3 THINGS THAT WILL CHANGE THE WORLD TODAY

Good morning, here’s your Friday morning briefing to set you up for the day ahead. Look out for these three things happening around the world today.

JPMorgan Chase report Q1 earnings

Financial services firm JPMorgan Chase will report its earnings from the first quarter of 2019 today.

Experts are expecting a quiet quarter due to falling customer activities as a result of falling mortgage refinancing and a global economic slowdown.

Likewise, JPMorgan expects to see a 4% rise in expenses due to increased investments in technology, which could equate to as much as $66bn. The company announced in February that it is setting up its own cryptocurrency for internal use in order to facilitate faster transactions, but the setup costs could negatively impact the company in the short term.

Earnings per share (EPS) is tipped to fall by 2% to $2.37 on revenue of $27.5bn, an increase of 0.10%.

Elizabeth Warren talks tech with New Hampshire students

United States Senator and 2020 Presidential candidate Elizabeth Warren will stop off at the University of New Hampshire today for a meet and greet session with students.

Talks will likely focus on Warren’s election bid. The Massachusetts Senator has vowed to break up big US tech companies like Facebook, Google and Amazon if she is elected in 2020. Warren has referred to these companies as monopolies that hold too much power over “our economy, our society and our democracy”.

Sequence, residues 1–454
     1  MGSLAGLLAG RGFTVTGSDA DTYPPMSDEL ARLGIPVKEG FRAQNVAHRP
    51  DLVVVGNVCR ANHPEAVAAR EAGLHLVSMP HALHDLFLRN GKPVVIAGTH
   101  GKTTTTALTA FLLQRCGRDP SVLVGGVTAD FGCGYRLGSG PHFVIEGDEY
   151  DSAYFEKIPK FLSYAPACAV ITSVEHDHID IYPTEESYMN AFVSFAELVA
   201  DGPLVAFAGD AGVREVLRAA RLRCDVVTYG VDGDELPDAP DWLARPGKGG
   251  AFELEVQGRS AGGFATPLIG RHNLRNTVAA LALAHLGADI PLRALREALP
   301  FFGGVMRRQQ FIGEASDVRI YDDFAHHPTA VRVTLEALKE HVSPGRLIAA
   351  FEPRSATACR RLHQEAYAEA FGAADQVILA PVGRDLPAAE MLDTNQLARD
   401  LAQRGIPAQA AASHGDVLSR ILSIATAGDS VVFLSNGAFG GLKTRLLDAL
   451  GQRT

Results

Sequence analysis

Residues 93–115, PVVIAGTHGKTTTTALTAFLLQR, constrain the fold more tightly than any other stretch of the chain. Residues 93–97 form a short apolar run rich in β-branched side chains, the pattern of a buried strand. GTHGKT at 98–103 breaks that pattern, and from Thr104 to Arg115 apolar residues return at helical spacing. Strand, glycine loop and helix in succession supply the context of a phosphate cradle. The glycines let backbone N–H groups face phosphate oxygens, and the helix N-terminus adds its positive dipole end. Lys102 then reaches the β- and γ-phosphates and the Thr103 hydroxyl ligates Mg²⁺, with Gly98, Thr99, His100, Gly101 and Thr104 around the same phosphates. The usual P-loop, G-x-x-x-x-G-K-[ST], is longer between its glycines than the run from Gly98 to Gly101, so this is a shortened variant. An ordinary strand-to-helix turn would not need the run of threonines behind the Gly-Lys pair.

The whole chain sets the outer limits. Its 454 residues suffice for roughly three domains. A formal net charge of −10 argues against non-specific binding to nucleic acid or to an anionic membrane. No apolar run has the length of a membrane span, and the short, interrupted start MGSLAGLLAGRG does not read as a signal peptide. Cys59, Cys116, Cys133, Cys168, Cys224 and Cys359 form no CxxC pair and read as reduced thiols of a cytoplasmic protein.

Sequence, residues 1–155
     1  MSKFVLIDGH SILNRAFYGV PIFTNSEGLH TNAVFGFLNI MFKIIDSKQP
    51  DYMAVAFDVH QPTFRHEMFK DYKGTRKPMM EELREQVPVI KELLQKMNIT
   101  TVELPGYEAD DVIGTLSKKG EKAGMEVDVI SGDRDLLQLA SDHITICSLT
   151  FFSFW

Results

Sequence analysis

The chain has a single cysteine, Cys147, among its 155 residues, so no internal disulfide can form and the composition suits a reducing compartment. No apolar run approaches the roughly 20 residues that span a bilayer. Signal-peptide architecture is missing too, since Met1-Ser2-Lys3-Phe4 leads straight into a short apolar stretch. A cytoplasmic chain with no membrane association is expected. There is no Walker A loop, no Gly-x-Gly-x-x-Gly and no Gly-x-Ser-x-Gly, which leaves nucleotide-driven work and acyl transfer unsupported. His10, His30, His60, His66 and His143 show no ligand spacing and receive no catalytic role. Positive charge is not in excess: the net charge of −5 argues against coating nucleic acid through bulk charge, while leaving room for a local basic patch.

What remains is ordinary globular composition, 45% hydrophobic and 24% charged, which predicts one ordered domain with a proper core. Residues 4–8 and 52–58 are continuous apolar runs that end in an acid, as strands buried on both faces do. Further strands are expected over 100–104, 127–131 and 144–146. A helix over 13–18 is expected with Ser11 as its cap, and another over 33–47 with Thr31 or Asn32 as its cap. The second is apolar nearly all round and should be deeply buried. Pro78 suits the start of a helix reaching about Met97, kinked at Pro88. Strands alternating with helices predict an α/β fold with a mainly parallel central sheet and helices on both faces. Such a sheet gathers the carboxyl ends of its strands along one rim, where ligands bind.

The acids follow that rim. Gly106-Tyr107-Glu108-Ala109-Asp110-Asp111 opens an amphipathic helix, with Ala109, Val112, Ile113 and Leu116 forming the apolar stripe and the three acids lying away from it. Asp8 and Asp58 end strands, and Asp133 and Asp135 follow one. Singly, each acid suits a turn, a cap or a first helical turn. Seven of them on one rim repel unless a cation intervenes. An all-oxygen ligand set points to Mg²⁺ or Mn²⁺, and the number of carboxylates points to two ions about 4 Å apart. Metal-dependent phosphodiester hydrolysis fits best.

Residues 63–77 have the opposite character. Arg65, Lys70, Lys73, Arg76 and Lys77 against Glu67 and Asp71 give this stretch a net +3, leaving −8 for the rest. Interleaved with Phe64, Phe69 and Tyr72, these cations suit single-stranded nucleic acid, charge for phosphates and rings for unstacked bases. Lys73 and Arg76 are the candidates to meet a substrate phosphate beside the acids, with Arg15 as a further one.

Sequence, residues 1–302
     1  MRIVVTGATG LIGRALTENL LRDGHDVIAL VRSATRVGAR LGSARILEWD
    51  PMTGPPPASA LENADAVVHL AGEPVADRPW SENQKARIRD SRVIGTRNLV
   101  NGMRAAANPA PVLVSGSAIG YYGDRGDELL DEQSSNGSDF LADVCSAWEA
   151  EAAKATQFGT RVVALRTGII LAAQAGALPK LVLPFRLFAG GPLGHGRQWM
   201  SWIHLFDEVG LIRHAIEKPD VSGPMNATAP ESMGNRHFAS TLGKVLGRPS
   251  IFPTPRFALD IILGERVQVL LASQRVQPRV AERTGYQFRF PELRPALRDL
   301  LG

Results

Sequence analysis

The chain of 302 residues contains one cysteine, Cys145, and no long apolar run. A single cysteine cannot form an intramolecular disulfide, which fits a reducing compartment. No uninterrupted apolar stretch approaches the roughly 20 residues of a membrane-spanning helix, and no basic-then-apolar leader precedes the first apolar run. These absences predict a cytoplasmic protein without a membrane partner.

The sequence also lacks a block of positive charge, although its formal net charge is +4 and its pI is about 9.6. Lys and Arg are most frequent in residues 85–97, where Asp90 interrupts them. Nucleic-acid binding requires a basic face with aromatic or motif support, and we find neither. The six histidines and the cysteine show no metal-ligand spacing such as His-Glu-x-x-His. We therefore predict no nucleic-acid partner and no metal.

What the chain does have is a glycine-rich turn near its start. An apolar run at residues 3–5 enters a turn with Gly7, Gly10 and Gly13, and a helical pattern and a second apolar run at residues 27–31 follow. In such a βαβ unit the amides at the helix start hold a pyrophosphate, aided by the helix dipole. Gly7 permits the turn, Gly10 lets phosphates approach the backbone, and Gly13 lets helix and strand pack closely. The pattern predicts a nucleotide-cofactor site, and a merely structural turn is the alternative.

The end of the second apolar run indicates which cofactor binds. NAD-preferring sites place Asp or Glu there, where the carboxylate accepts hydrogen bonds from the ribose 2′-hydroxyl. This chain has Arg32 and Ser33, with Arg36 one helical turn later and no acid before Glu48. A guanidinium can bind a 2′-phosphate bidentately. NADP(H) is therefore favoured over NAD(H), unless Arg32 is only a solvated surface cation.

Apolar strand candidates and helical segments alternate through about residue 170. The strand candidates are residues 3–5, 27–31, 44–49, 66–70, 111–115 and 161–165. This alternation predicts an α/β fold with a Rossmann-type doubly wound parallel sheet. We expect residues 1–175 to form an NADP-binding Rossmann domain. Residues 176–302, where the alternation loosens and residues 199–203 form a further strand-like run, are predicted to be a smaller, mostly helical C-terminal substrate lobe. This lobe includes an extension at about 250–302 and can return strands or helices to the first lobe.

Internet companies are facing increasing pressure from lawmakers around the globe, with the US, United Kingdom, European Union, India and Australia all probing issues such as fake news, election meddling, and the sharing of offensive content.

The meet and greet is taking place at the Waysmeet Center, Durham, New Hampshire, starting at 2:30pm local time (7:30pm London time).

NASA challenges kids to create future space rovers

NASA’s annual Human Exploration Rover Challenge will get underway today, with the space agency challenging high school, college and university students in the United States to design, build and test vehicles capable of exploring other worlds.

Students will be tasked with creating a vehicle that aids them to carry out a number of space exploration objectives. Teams will be awarded points for designing a space-ready rover, assembling it in the allotted time, and completed obstacle courses that mimic space’s challenges.

The organisation hopes that the challenge will inspire participants “to become the engineers to design NASA’s next-generation space systems”.

3 Things That Will Change the World Today

Thursday’s Highlights

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Mark Zuckerberg salary: How much does the Facebook CEO earn?

Retraining key to increasing number of women in tech industry

How Julian Assange went from liberal darling to alt-right information kingpin